The agreement has been submitted to the European Parliament for consent to its conclusion. The Committee on Foreign Affairs adopted a recommendation to give consent and an accompanying report on 20 June 2017; these are due to be voted during the July 2017 plenary session. The agreement also needs to be ratified by the EU's Member States.

The Features of Development in the Pacific Countries of the African, Caribbean and Pacific Group

Publisher: 
Springer Science & Business Media
City: 
Dordrecht
Volume, number, page: 
99: 3, pp.469-485.
Abstract: 
In this article we present a new proposal for the measurement of development, applied to the Pacific Countries of the African, Caribbean and Pacific Group (ACP), conditional on their insularity, and with privileged relations with the European Union. Our index has been constructed attending to the criteria defined in the Goals of the Millennium Declaration. For this purpose we will use the P2 distance method for the year 2007, the last year for which data are available. This index integrates socio-economic variables that permit a territorial ordering of the Pacific ACPs, in terms of those partial indicators.

Global Europe, Guilty!

Contesting EU neoliberal governance for Latin America and the Caribbean
Publisher: 
Taylor & Francis Ltd.
City: 
London
Volume, number, page: 
31:1, pp.123-139
Abstract: 
This article examines bi-regional governance between the European Union and Latin American and Caribbean countries as a source of social resistance and contestation. The analysis focuses on the contributions of a bottom-up and informal mechanism of litigation, the Permanent People's Tribunals against European Multinationals and Neoliberalism, to cognitive justice and as a challenge to the notion of neoliberal governance. It questions the underlying assumptions regarding global/regional governance and resistance in the literature on international relations and international political economy, and the type of development and regionalism promoted by EU institutions and governments in Latin America and the Caribbean. The article calls for a problematisation of the resistance that is mobilised through the Tribunals, which is not free of tensions but, nonetheless, contributes through practices of cognitive justice to unveiling the fragmented, and hence, contested, nature of EU neoliberal governance for Latin America and the Caribbean countries.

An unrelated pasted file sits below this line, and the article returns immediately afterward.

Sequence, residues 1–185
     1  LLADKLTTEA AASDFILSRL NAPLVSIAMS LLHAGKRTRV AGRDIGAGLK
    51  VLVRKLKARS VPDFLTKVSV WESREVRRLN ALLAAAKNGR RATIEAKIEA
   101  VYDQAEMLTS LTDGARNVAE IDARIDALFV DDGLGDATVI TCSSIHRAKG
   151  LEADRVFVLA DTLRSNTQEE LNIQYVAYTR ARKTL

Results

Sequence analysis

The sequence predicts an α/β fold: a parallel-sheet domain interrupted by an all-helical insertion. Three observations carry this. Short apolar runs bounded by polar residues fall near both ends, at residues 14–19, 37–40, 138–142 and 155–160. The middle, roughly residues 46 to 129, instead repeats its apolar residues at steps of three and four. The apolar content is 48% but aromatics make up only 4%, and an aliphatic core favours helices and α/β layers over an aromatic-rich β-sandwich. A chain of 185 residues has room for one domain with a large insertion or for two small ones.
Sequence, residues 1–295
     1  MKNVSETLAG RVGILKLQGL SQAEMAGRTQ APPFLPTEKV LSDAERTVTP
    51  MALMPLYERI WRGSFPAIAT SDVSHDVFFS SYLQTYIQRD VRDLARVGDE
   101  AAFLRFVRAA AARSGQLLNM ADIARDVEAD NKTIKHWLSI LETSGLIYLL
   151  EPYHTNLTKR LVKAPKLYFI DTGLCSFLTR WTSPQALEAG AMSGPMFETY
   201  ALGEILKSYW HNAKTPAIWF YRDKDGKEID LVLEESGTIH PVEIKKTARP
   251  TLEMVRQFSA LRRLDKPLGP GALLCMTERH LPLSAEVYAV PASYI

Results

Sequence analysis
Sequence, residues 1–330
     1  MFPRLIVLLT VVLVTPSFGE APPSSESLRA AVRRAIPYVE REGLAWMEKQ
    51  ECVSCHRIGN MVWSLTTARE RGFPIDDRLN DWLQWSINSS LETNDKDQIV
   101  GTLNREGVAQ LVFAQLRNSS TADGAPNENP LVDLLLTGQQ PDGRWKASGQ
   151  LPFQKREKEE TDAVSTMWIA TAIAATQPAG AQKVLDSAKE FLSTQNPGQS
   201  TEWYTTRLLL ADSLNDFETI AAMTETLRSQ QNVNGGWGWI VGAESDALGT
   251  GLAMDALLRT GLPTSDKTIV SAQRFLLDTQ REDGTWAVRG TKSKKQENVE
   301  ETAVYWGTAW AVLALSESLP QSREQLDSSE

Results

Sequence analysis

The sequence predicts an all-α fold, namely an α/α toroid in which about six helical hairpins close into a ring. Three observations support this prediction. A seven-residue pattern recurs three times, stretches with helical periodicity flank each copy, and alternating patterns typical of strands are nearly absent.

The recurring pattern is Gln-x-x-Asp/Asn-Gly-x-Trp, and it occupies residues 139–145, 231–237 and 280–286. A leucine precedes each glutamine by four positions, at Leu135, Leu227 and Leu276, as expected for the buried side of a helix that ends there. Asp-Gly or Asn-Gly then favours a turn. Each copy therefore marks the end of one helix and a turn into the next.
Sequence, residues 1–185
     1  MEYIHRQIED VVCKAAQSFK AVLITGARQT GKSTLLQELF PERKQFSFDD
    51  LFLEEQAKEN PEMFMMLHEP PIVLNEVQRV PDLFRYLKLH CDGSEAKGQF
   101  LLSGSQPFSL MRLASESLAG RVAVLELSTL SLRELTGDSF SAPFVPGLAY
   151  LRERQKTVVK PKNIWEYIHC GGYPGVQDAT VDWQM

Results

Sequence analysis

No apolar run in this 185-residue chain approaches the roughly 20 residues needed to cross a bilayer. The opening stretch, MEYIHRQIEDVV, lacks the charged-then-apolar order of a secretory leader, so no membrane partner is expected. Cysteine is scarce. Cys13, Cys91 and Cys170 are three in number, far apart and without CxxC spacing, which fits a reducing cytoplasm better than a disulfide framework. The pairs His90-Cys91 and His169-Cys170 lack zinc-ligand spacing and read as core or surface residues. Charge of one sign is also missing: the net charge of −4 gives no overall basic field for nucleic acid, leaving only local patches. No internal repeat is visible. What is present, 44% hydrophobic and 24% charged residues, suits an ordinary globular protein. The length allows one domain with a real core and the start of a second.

Higher education cooperation between the European Union, Latin America and the Caribbean

academic cooperation and mobility : bringing the two regions closer
City: 
Brussels
Volume, number, page: 
87 p.
Abstract: 
This report provides an overview of key figures and impact of EU academic cooperation programmes implemented with Latin America and the Caribbean (LAC) since 2007. The report analyses cooperation under the Programmes Erasmus Mundus, ALFA, Edulink and the Marie Curie Actions (2007-2013). Similar opportunities for mobility of students, staff and researchers, and for institutional cooperation between the two regions continue under the Erasmus+ programme and the Marie Skłodowska-Curie Actions (2014-2020). More information about how to apply to Erasmus+ is included in Annex 1.

Towards the EU-LAC Knowledge Area

scientific and technological cooperation between Latin America, the Caribbean and the European Union for sustainable development and social inclusion
City: 
Brussels
Volume, number, page: 
36 p.
Abstract: 
Climate change, demographic transitions, expectations for better health and greener and more inclusive economies are among the drivers for more scientific and technological cooperation and innovation. The Guadalajara Summit in 2004 therefore placed the development of an EU-Latin-Caribbean Knowledge Area on the political agenda of bi-regional relations. In 2010, this concept gains fresh momentum through the endorsement of a new Joint Initiative for Research and Innovation. The selection of concrete research collaborations, mostly from the 6th and 7th Research Framework Programmes included here, can only cover a small part of the wide thematic range of joint activities addressing problems and oportunities of mutual interest.These projects mobilise teams from across Europe, Latin America, the Caribbean and other continents as well. They are either still on-going or recently completed. New collaborations will come on-stream in 2010, 2011 and beyond to turn declarations into practice. They represent a sizeable potential for innovation in the direction of sustainable development and social inclusion, the focus of the 2010 EU-LAC Summit in Madrid.